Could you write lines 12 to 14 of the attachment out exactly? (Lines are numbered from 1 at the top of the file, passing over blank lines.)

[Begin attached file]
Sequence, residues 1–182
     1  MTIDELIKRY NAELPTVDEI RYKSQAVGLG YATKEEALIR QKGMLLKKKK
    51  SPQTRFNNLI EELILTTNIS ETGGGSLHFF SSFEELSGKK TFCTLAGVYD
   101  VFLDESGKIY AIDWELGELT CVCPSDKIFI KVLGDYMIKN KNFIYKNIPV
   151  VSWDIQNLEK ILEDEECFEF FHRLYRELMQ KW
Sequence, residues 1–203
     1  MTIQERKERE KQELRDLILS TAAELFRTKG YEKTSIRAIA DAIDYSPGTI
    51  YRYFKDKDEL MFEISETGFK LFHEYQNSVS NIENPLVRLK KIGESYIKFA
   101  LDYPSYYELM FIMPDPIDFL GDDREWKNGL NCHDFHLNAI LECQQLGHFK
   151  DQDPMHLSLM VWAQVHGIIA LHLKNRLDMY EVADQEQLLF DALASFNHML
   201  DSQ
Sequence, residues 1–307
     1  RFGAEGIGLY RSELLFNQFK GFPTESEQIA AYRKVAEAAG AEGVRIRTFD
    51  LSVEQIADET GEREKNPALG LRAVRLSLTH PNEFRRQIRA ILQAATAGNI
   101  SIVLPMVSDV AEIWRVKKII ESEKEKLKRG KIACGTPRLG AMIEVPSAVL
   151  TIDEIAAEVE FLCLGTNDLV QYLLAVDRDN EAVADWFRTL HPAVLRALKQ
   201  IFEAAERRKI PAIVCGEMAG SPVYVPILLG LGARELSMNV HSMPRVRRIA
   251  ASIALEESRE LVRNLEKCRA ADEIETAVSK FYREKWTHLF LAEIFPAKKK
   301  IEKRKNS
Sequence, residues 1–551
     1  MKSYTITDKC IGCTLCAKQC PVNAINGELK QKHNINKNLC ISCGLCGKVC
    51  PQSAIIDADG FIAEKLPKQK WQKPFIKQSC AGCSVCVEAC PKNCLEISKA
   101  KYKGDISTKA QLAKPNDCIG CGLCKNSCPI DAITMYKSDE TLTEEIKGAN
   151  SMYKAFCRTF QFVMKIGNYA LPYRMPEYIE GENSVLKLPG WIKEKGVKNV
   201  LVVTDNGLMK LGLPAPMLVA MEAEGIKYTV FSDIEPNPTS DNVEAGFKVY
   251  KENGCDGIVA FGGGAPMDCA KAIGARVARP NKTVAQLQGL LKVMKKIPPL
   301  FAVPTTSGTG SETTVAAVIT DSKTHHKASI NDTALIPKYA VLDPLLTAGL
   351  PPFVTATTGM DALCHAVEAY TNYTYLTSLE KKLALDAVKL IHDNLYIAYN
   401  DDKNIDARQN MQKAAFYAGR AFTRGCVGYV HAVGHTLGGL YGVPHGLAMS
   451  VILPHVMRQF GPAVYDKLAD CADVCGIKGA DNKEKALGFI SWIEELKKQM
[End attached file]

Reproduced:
Sequence, residues 1–307
     1  RFGAEGIGLY RSELLFNQFK GFPTESEQIA AYRKVAEAAG AEGVRIRTFD
    51  LSVEQIADET GEREKNPALG LRAVRLSLTH PNEFRRQIRA ILQAATAGNI